If you discover that you are unable to talk to air traffic control, a number of possibilities may exist. Depending on your altitude and frequency coverage, you may have flown into a dead area where no communications are possible with air traffic control. You might be inside the controller’s frequency coverage, but near the edge of it. In this case, you might be able to hear air traffic control, but they can’t hear you, or vice versa.

In the right conditions, such as flying through a cloud of ice crystals, significant static can be generated. This can result in lights outside the aircraft called St. Elmo's fire. Such lights are often purple or pink and move around just in front of the windshield. A forward facing cone may also extend from sharp points on the airplane, such as the airplane's nose or wingtip fuel tanks. Whether St. Elmo's fire is visible or not, this kind of static can interfere with navigation and communication signal coverage. If you are flying along and all of a sudden you hear loud static across all your radios, this is probably the case. These conditions normally don't last more than a few minutes. Make sure your autopilot, or yourself for that matter, is not following an erroneous navigation signal.

You should check your audio system configuration. Maybe you deselected the transmitter or are transmitting on your second radio. If your having trouble hearing air traffic control, try disabling the squelch on the radio to listen for weak transmissions.

You could also try other ATC frequencies in range, such as adjacent center frequencies or nearby towers. The tower you contact can then determine what frequency you should try or obtain an explanation for the communications problems.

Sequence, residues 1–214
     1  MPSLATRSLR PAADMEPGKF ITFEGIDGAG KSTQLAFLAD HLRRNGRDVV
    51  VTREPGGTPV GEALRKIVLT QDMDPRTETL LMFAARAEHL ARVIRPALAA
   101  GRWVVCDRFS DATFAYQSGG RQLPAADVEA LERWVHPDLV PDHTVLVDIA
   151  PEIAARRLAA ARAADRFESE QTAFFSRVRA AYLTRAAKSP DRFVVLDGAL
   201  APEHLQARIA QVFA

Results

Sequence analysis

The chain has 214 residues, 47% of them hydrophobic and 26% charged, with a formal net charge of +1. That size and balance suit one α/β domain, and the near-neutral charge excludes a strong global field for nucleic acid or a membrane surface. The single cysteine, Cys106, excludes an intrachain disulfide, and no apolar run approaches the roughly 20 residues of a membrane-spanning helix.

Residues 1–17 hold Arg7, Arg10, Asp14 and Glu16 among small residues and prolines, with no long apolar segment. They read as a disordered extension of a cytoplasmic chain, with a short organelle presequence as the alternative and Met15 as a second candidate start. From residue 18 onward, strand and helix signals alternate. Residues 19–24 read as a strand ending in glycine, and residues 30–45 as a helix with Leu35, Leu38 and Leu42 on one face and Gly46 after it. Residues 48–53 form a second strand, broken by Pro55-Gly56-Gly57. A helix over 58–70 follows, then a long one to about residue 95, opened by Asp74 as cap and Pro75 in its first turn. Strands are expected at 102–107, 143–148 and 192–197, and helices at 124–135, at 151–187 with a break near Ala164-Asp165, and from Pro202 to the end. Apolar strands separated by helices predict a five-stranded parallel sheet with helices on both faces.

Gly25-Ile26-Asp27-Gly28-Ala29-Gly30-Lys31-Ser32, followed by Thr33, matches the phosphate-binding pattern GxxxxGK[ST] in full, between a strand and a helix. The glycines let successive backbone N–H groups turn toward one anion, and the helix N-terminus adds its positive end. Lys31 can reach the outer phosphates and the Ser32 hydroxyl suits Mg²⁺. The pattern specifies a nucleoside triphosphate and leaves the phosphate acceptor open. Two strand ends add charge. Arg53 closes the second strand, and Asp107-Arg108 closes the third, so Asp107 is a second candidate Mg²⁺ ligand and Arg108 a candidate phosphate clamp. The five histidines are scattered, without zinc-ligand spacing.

If everything else has failed, you can also attempt to contact air traffic control on 121.5 to ask for instructions for reestablishing radio communications. While not all air traffic facilities monitor 121.5, many airline and corporate aircraft do. So, you may be answered by air traffic control or some high altitude aircraft. Whoever you get hold of can then forward your location to air traffic control and reply with their instructions.

If the controller can’t hear your replies, the transponder may be used as a communications device. For example, “Cessna seven zero eight golf lima, if you can hear me ident.”

Maybe there is a problem with the air traffic control end of things, such as a fire at the transmitter site or another pilot with a stuck mic, who is blocking the frequency.

Regardless of the reason, the FAR’s spell out exactly what we should do while we troubleshoot the problem and try to reestablish communications. Air traffic control will base their actions on the expectation that we will comply with this regulation. The rule first states that if we encounter VFR conditions at any point during the failure, that we should continue the flight under VFR and land as soon as practicable.